Aug 22, 2013
In the largest-ever meta-analysis of U.S. correctional educational programs, RAND researchers found compelling evidence that the prison-based programs not only work but also are cost-effective. Correctional education will likely face near-term budget cuts in many states, but its high return on investment should remain a high priority in future state budgets.
Of the more than 700,000 people that U.S. prisons release each year, 40% of those released inmates end up back in prison within three years.
Prisoners say they need education and job training to reintegrate into society. They’re right: 68% of inmates in state prisons lack a high school diploma.
Most state correctional institutions offer primary, secondary, vocational, special, or college education programs. 84% of state correctional institutions offer some type of education or training.
Knott and Keen are hypothetical inmates. How does the use of their time in prison affect their lives after release?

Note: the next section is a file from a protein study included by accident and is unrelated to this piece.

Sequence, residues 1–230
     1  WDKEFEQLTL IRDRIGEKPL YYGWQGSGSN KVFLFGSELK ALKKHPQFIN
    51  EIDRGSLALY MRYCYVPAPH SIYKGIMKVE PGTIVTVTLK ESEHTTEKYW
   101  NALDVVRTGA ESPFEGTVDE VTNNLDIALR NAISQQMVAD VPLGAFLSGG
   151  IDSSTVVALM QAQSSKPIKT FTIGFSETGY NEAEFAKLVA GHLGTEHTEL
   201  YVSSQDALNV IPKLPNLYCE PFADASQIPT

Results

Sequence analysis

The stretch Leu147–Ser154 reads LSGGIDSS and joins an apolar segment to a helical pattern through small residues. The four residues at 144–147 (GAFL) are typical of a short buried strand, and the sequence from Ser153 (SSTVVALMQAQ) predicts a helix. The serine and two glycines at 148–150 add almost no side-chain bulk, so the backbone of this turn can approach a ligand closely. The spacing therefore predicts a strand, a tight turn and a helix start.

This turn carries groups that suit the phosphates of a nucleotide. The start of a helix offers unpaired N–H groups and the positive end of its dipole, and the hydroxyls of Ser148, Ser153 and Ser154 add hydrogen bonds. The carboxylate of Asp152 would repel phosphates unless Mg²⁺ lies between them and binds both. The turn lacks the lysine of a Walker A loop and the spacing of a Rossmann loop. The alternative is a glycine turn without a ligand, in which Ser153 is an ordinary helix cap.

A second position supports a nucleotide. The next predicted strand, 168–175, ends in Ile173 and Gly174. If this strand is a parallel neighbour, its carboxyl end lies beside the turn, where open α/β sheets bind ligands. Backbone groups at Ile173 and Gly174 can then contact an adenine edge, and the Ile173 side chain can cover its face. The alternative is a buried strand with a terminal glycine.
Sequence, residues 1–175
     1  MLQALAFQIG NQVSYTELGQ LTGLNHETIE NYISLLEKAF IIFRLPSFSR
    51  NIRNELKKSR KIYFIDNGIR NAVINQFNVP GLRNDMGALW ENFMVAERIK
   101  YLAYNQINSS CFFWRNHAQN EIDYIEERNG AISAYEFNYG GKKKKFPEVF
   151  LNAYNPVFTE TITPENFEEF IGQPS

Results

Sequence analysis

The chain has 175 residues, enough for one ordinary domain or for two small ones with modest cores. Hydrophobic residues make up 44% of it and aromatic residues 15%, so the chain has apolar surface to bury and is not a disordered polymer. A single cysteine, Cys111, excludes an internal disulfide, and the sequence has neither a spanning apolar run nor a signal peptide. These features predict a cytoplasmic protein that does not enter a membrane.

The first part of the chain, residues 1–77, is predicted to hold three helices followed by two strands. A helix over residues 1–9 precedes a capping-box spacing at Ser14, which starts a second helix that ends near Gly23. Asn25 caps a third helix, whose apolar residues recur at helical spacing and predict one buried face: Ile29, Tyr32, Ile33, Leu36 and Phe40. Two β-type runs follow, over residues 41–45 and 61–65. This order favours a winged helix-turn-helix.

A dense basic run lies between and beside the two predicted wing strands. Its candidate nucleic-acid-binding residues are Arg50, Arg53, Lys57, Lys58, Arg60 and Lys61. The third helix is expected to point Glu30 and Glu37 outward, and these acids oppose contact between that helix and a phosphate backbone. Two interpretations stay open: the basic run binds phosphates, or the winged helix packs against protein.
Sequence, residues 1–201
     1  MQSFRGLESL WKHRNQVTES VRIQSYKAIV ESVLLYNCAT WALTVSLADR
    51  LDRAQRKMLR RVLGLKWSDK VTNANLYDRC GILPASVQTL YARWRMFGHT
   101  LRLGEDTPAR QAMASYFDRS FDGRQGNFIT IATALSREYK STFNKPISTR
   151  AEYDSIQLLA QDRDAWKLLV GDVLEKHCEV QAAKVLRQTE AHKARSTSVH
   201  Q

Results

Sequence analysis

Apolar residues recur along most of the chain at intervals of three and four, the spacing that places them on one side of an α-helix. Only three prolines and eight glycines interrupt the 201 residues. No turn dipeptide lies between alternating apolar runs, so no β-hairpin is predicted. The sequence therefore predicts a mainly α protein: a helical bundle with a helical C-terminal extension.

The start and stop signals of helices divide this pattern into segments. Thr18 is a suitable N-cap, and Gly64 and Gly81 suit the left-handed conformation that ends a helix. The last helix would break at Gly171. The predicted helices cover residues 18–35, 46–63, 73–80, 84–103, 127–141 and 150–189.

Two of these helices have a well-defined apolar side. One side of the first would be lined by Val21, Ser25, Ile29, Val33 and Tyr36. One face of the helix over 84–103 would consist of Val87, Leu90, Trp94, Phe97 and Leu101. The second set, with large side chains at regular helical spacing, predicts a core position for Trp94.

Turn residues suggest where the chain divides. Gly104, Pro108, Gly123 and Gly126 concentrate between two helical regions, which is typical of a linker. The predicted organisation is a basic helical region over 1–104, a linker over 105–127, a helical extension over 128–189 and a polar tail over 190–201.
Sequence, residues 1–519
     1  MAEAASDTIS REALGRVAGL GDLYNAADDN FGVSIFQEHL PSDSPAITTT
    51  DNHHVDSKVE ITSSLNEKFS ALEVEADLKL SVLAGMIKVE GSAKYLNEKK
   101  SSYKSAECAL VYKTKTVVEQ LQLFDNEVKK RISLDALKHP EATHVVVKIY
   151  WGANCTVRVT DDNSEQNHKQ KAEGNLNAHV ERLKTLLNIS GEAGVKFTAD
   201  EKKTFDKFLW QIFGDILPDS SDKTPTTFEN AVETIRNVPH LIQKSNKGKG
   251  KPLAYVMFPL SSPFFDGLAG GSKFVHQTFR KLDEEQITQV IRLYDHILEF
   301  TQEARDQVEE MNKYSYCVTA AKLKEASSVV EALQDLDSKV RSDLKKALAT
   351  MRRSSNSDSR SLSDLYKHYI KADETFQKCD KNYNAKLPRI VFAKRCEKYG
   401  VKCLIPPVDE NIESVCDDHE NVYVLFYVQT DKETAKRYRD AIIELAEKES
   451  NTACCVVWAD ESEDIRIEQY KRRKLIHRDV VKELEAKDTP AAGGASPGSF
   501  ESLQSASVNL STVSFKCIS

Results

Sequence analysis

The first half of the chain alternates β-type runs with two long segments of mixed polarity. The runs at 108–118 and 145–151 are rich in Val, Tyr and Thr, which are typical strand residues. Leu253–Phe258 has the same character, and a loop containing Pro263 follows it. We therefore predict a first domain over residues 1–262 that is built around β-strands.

Knott wasn’t able to enroll in correctional education of any kind. Had he enrolled in any such program (vocational, special, or academic), his odds of obtaining employment would have increased by 13%.
Like other ex-offenders who participated specifically in vocational training programs, Keen increased her odds of getting a job by 28%.
Inmates who participate in correctional education programs have a 30% chance of recidivating, compared with 43% for those who do not. That’s a 13-percentage-point drop in the risk of recidivism for those who participate.
The cost of correctional education programs per participant is $1,400–$1,744. Nearly a third of participants still recidivate. But the average savings per participant from reduced reincarceration rates is $8,700–$9,700 over three years. Even assuming the highest average cost ($1,744) and the lowest average savings ($8,700), the three-year return on investment for taxpayers is nearly 400%, or $5 saved for every $1 spent.